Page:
TMLutas' blog posts can now be found at Flit(tm)
August 22, 2003
Distributed Power and the Smart Grid
Posted by TMLutas
As the article mentions, 8% of US power is currently generated by distributed means, usually under the label of cogeneration. So we're not talking about rinky dink, pie in the sky alternative power schemes but something that is contributing significantly to today's grid and is likely to increase in future.
Unfortunately, the limits of our dumb grid show up quite quickly in the article too. The University of Maryland had local, distributed generation but when they disconnected from the grid recently due to power fluctuation, they found that they had no way to quickly shut down enough non-essential consumers of electricity (like UPS batteries) and ended up taking their local grid down after 3 minutes due to overload. A smarter grid would have been able to shut down a fraction of the air HVAC plants and rotated what was running and what was not so that temperatures remained tolerable but the grid would have stayed up.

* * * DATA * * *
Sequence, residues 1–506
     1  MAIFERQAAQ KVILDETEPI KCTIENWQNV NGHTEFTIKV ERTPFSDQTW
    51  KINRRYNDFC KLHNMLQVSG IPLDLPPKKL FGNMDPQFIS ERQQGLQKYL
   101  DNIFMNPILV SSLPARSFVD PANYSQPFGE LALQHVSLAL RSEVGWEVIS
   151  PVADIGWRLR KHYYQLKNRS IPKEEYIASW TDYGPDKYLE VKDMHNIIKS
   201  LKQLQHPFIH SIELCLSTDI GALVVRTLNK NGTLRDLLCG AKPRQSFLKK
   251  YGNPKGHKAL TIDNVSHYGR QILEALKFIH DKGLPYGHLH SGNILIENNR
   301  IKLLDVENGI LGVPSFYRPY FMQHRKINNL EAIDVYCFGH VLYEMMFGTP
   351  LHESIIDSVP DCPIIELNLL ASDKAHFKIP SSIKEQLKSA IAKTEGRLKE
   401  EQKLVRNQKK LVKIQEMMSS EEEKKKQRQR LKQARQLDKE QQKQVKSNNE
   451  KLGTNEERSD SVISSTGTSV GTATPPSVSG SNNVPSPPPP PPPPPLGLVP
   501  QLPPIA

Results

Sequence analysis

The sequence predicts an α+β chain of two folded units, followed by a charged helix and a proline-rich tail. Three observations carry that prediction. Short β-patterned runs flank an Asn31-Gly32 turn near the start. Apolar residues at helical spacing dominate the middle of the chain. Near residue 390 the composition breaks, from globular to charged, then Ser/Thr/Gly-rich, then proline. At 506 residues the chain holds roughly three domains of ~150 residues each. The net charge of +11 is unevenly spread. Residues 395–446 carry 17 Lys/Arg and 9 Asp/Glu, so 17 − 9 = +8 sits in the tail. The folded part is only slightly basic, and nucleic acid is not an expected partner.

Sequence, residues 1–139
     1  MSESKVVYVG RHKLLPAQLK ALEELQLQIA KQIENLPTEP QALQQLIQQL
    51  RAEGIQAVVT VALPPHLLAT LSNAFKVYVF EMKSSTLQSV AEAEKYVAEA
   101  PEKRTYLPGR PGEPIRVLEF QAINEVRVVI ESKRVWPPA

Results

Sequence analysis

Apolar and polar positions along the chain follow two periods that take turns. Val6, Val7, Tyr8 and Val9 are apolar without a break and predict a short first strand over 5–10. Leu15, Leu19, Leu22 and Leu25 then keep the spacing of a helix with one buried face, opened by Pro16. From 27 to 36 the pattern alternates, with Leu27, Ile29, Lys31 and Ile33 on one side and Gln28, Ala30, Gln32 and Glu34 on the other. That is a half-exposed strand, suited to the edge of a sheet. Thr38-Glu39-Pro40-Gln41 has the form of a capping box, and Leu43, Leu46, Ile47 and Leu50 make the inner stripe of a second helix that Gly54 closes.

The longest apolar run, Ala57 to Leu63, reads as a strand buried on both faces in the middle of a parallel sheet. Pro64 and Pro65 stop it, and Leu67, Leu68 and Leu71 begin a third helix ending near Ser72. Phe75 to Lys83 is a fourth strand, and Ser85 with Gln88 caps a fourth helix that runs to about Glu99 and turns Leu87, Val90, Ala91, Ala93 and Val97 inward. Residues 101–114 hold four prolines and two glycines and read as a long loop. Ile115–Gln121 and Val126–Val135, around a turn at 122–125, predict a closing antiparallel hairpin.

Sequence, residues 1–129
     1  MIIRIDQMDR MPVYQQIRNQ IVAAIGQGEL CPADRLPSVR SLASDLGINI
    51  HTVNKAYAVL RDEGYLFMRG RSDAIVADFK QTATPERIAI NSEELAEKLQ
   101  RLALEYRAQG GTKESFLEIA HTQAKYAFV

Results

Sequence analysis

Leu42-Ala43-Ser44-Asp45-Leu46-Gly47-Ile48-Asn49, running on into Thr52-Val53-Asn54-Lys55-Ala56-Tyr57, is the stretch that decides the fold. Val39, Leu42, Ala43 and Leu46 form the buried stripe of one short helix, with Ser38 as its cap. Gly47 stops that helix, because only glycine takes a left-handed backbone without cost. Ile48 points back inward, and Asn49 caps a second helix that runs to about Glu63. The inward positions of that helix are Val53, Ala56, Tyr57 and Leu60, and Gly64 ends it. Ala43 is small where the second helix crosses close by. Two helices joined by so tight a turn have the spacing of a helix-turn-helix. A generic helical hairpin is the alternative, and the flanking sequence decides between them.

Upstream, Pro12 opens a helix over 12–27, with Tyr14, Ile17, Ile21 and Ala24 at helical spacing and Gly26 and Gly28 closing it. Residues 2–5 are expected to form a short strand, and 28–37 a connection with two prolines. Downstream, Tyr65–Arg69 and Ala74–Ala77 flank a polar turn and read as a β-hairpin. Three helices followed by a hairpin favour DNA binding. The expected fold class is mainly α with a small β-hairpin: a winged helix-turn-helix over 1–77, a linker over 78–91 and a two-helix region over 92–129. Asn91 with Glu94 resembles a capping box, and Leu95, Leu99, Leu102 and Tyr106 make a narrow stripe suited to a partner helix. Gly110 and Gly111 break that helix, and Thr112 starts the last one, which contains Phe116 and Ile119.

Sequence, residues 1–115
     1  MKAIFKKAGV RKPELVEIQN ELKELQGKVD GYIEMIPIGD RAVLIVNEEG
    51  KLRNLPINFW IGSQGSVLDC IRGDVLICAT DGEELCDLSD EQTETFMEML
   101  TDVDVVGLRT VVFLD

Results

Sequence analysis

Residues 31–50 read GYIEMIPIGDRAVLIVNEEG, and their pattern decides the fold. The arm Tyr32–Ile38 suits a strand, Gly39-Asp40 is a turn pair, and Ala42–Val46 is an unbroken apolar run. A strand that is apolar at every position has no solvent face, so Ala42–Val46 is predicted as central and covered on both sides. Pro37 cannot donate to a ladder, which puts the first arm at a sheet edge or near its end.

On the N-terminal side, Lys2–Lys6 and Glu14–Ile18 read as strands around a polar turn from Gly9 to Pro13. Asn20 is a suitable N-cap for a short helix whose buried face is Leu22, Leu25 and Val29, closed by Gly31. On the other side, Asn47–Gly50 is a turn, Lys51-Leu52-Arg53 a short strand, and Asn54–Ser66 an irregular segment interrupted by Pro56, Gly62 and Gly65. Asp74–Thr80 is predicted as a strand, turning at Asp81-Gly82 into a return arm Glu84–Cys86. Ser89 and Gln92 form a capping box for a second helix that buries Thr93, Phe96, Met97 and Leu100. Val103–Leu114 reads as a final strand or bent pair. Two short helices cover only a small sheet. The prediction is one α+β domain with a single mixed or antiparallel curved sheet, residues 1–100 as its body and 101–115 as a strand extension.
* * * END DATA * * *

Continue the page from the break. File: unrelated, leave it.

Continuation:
Posted by TMLutas
In Iraq we have Islamists pouring over the border to fight the US forces and the start of the new Iraqi armed forces. To me, it's surprising that nobody notes that for Iraq's border states, this is a tremendously risky business. These fighters are either going through Iran, Syria, and Saudi Arabia with the blessings of the regime, which is a direct act of war, or these states are incapable of controlling their own borders to stop such people. If the latter, a persistent inability to halt such troop flows is also a legitimate cause of war.
In all the discussions of honeypot and flypaper strategies, whether the US will withstand the assault or turn tail and pull out too early, nobody seems to seriously look at the problem from the fact that failing to stop armed fighters from crossing over into your neighbor's territory is a grave threat to international peace. Where's the UN? Where are the peace protesters? Where are the NGO's devoted to human rights?
The first step to restoring normality is to recognize that a situation is not normal. The current bizarre abnormality of the Middle East has Iran, Saudi Arabia, and Syria, at best, being failed states who cannot control their borders. At worst, what we have is an undeclared asymmetric regional war. But why aren't we all talking about it? Why aren't we holding the political class of these countries to a normal standard? Why isn't any faction in the West devoted to any side in this conflict taking note of this?
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